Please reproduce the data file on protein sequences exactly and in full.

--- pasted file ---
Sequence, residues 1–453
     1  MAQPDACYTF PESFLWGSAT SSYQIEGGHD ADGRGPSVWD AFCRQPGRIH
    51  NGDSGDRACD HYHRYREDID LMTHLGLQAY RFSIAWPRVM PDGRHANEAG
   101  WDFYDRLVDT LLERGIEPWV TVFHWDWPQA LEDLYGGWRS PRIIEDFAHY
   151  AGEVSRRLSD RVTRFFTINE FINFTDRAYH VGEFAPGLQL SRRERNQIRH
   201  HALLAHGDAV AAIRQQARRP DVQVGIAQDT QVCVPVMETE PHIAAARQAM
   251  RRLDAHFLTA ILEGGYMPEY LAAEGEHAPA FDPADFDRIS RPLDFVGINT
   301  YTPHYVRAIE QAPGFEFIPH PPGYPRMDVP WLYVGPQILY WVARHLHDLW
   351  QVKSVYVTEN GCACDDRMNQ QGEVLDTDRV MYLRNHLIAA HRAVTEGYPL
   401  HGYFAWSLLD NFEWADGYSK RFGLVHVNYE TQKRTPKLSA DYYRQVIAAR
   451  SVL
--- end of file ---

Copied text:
Sequence, residues 1–453
     1  MAQPDACYTF PESFLWGSAT SSYQIEGGHD ADGRGPSVWD AFCRQPGRIH
    51  NGDSGDRACD HYHRYREDID LMTHLGLQAY RFSIAWPRVM PDGRHANEAG
   101  WDFYDRLVDT LLERGIEPWV TVFHWDWPQA LEDLYGGWRS PRIIEDFAHY
   151  AGEVSRRLSD RVTRFFTINE FINFTDRAYH VGEFAPGLQL SRRERNQIRH
   201  HALLAHGDAV AAIRQQARRP DVQVGIAQDT QVCVPVMETE PHIAAARQAM
   251  RRLDAHFLTA ILEGGYMPEY LAAEGEHAPA FDPADFDRIS RPLDFVGINT
   301  YTPHYVRAIE QAPGFEFIPH PPGYPRMDVP WLYVGPQILY WVARHLHDLW
   351  QVKSVYVTEN GCACDDRMNQ QGEVLDTDRV MYLRNHLIAA HRAVTEGYPL
   401  HGYFAWSLLD NFEWADGYSK RFGLVHVNYE TQKRTPKLSA DYYRQVIAAR
   451  SVL